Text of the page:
My test vehicle for the past week was an SX-L with the turbo four. In that form, it also gets a more responsive electrically-assisted steering system, 19-inch alloy wheels with low-profile tires, a panoramic sunroof, and a host of other upscale features including a power liftgate that is programmable -- useful as before changing the programming it would automatically open when I walked around the rear to get to the driver's side of the car. There are times when it may be convenient to have it open automatically if you're nearby, but not necessarily all of the time.
As I have grown to expect from a Kia, the 2016 Sorento SX-L felt more European on the road, and looked it both inside and out. It was roomy and comfortable, and there was no shortage of power from the engine. Ever. The previous Sorento was not noisy inside at all, but this one is even quieter. With a two-ton plus curb weight, it's not going to be sports car agile, but it's not a sports car. The optional Technology Package had contemporary electronic aids like lane-departure and forward-collision warning systems that were pleasantly low in false positives (gotta love it when the computer squawks an annoying warning that a tree by the side of the road may be a hazard… this one fortunately didn't). It also had an entertaining and useful array of outside cameras for the Surround View Monitor. There is no excuse for hitting anything when parking with this.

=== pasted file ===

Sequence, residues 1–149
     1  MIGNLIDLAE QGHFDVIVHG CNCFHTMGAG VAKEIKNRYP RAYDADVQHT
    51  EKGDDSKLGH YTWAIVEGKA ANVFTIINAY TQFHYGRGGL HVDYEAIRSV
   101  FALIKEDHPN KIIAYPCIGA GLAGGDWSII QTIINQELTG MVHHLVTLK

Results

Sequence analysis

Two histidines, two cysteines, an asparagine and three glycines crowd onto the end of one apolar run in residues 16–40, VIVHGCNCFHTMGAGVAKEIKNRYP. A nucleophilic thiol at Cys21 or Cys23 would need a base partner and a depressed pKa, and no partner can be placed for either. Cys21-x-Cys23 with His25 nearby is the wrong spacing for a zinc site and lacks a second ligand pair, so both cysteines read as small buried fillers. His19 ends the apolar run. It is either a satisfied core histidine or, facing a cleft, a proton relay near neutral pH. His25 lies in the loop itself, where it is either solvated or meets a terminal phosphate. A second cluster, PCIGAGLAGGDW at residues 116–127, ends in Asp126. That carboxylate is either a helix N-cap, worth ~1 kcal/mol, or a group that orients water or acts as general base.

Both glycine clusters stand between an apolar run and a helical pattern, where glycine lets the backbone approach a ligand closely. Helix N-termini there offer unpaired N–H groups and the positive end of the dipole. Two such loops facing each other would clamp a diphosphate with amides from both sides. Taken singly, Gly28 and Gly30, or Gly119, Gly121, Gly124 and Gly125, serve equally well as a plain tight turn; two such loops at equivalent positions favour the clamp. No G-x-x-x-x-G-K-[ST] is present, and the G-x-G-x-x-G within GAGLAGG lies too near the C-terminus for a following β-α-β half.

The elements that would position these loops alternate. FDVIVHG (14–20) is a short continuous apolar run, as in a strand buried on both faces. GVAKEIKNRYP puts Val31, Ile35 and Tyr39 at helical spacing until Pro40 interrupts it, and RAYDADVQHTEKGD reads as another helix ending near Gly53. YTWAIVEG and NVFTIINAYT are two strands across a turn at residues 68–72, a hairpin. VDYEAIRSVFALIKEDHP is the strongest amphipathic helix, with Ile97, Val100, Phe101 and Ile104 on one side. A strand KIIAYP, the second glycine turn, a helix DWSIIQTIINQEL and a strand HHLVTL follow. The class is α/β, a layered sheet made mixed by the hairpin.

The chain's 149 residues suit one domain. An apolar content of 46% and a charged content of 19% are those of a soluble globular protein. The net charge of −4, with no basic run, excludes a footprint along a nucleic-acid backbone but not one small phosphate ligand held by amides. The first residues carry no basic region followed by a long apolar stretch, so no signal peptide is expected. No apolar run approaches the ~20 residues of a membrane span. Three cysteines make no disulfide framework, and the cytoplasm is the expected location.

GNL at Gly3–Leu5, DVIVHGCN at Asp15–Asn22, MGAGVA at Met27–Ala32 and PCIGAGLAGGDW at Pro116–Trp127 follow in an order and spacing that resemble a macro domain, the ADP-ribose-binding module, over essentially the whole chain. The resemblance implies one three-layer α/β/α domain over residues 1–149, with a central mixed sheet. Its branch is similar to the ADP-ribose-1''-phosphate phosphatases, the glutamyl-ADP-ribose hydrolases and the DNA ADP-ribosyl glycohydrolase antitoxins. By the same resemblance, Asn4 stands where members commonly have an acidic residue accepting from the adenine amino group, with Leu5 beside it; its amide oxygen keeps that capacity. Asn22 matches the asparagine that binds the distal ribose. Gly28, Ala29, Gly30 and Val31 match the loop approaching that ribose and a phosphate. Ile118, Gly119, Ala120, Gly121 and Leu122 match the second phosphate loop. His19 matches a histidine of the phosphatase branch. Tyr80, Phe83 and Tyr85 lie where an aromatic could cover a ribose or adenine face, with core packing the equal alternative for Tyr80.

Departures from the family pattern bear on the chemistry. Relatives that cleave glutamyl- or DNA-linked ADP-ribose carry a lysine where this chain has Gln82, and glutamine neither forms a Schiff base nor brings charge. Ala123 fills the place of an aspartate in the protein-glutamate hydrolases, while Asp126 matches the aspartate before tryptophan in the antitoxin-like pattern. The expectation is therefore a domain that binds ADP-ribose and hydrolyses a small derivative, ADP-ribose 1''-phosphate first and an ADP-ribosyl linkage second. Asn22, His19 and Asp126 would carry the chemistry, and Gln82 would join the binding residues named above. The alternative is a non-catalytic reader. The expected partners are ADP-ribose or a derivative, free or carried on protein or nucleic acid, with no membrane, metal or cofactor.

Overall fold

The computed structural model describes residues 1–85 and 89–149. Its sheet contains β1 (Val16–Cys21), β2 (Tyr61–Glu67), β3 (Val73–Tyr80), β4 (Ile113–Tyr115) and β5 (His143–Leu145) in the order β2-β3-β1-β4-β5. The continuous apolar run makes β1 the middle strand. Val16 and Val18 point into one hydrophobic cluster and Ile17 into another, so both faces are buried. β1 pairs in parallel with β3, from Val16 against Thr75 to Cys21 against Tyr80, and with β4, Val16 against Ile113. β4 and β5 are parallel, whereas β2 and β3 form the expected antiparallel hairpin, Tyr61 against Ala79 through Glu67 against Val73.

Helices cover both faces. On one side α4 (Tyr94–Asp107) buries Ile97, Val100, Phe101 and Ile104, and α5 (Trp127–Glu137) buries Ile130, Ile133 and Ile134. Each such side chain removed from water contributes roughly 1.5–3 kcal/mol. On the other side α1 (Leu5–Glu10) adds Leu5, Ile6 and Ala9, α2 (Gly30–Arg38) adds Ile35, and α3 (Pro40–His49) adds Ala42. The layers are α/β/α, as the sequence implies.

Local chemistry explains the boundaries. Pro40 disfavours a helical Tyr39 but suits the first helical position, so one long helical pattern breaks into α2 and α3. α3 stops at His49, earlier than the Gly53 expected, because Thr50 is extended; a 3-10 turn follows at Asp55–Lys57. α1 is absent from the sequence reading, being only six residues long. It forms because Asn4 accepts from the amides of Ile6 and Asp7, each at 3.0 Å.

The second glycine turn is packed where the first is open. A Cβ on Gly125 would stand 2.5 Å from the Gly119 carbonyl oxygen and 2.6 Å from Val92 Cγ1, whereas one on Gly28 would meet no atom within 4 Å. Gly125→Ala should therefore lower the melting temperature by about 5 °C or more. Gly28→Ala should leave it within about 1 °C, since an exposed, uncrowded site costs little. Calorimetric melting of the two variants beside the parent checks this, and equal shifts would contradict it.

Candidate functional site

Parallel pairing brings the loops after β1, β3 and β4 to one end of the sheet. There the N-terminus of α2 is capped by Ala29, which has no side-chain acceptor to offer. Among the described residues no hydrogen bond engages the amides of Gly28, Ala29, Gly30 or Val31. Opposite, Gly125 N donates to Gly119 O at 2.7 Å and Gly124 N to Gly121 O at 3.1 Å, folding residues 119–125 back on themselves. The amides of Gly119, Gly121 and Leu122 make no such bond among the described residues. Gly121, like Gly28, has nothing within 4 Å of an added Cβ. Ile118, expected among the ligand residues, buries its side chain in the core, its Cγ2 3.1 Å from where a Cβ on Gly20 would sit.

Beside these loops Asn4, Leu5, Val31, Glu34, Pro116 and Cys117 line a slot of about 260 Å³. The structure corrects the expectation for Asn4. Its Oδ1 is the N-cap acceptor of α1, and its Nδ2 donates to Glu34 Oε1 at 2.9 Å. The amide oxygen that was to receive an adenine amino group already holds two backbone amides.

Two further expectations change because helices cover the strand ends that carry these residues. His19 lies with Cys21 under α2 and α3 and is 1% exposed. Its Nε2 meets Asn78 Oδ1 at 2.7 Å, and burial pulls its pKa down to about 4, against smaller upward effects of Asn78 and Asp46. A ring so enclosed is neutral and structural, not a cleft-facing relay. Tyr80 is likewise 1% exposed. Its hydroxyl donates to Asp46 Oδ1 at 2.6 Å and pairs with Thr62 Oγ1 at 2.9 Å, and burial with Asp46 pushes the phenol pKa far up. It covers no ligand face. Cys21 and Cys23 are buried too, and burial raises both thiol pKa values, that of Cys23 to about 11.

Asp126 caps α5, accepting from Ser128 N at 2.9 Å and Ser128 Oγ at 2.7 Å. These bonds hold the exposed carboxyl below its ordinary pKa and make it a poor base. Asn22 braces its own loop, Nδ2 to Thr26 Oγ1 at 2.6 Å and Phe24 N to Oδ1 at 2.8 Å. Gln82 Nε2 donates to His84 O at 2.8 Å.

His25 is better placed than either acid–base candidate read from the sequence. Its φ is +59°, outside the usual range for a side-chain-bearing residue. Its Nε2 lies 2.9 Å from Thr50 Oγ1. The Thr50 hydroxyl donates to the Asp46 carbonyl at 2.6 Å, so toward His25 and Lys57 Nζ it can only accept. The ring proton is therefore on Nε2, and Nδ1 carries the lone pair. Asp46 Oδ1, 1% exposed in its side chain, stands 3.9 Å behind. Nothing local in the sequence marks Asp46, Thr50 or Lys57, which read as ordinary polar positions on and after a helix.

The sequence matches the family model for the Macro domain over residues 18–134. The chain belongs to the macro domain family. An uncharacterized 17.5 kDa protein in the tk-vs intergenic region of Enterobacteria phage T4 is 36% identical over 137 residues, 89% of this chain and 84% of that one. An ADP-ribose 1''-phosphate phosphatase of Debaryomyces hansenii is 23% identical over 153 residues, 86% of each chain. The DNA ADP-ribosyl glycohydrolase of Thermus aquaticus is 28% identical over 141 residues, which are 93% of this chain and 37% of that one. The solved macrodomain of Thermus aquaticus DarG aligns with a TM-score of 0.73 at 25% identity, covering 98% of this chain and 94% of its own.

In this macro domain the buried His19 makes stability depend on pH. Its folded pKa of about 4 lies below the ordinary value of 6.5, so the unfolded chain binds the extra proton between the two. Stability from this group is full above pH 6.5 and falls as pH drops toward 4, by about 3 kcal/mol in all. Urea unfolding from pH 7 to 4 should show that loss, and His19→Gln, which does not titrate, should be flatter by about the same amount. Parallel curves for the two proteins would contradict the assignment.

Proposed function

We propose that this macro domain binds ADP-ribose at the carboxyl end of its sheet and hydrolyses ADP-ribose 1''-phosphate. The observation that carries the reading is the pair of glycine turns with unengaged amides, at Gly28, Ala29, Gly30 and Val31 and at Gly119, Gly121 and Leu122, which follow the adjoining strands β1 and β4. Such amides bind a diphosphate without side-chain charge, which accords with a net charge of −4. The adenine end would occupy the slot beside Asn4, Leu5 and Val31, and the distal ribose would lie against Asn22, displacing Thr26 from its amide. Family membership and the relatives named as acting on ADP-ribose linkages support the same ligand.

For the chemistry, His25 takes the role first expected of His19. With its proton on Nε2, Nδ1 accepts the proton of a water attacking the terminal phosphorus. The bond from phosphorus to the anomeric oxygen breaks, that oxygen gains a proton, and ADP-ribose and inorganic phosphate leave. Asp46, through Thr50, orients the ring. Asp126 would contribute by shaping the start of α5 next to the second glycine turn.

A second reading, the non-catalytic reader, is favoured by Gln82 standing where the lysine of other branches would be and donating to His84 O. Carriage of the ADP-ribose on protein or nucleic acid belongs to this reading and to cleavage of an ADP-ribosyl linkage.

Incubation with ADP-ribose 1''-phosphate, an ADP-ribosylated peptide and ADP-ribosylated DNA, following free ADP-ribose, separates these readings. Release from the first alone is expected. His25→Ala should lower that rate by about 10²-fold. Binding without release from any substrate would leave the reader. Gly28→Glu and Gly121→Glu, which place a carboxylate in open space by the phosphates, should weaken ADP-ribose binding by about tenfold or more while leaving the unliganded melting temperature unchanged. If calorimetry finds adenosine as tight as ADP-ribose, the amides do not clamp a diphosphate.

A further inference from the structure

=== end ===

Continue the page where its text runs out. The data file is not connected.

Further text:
Kia is not the best-known name in midsize crossovers, but that's no reason to ignore the Sorento if you're in the market.